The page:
Secretary of Defense James Mattis, who was the target of a recent attack on the airport in Afghanistan, made a visit to the demilitarized zone on the Korean Peninsula Friday. There, he made remarks about ongoing tensions between Kim Jong Un and the U.S. while standing a stone's throw away from the North Korean border.
"I'm here today to reaffirm the United States' ironclad commitment to the South Korean people. This visit today to this demilitarized zone portrays in very strong terms the difference we see between two nations. To the south lies a vibrant country, a vibrant economy, a free country, and it's underpinned by peace-loving members of a free society," Mattis said. "Behind me to the north, an oppressive regime that shackles its people, denying their freedom, their welfare and their human dignity in pursuit of nuclear weapons in the means of delivery, in order to threaten other with catastrophe."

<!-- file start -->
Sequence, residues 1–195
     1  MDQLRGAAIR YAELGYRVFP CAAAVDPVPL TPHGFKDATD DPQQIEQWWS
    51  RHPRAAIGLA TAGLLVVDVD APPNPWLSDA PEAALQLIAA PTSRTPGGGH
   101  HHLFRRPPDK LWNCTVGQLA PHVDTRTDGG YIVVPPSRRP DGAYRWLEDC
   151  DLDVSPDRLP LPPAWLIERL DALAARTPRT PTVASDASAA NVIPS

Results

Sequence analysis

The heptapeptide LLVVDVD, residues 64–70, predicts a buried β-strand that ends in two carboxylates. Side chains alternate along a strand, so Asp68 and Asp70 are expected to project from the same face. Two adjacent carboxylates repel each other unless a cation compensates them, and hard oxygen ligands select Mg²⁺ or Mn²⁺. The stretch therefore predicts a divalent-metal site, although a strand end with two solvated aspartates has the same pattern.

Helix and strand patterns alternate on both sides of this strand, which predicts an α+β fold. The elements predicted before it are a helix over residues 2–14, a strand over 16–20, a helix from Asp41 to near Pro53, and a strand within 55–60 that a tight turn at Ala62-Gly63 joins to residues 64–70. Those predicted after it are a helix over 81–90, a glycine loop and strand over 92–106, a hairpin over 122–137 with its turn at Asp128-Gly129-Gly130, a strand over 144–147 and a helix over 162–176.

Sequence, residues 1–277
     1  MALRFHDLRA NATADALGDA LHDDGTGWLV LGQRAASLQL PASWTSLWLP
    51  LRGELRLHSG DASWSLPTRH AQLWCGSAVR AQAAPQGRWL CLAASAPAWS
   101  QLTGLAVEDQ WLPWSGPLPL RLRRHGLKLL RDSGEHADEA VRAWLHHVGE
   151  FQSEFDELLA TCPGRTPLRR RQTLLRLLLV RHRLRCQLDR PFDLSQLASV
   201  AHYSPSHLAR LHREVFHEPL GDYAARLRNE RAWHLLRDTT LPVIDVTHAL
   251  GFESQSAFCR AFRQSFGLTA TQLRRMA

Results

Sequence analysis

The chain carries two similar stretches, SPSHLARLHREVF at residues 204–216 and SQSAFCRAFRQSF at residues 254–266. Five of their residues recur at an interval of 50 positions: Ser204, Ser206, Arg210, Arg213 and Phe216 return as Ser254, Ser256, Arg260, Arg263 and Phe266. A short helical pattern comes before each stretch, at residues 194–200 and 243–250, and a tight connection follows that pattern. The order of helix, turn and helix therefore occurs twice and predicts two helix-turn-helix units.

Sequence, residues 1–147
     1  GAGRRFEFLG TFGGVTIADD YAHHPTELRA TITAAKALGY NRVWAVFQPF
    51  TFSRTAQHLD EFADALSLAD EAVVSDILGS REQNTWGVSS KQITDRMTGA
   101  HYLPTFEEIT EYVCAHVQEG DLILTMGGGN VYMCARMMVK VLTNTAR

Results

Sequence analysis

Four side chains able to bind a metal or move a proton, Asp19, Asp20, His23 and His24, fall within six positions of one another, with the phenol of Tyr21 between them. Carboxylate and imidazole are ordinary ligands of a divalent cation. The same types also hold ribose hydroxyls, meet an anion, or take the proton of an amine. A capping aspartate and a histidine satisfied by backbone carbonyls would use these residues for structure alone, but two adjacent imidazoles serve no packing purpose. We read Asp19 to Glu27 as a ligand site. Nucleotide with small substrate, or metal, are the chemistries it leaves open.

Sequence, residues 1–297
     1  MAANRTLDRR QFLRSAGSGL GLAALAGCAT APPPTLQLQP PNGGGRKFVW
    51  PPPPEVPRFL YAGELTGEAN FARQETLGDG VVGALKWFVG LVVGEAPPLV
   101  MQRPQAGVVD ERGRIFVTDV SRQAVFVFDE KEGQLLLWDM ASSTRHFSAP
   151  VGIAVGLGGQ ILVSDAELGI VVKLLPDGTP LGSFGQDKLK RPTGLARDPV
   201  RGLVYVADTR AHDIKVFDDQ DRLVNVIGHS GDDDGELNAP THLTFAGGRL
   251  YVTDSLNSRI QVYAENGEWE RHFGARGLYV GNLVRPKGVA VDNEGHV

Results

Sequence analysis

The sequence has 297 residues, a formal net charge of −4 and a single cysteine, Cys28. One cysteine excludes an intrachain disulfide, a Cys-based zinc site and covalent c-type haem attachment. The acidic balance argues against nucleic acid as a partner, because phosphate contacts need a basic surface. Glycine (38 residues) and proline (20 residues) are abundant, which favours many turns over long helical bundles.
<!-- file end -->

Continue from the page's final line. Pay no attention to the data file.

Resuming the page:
"North Korean provocations continue to threaten regional and world peace. And despite the unanimous condemnation by the United Nations Security Council, they still proceed," he continued. "And as the U.S. secretary of state, Tillerson, has made clear, our goal is not war, but rather the complete, verifiable and irreversible denuclearization of the Korean Peninsula."
There is potential President Trump will visit the DMZ during his upcoming trip to Asia, but security concerns in the region decrease the chances. During his trip, which starts in just over a week, Trump will visit Japan, South Korea, China, Vietnam and the Philippines. He will meet with high profile leaders from each country to discuss security and trade opportunities.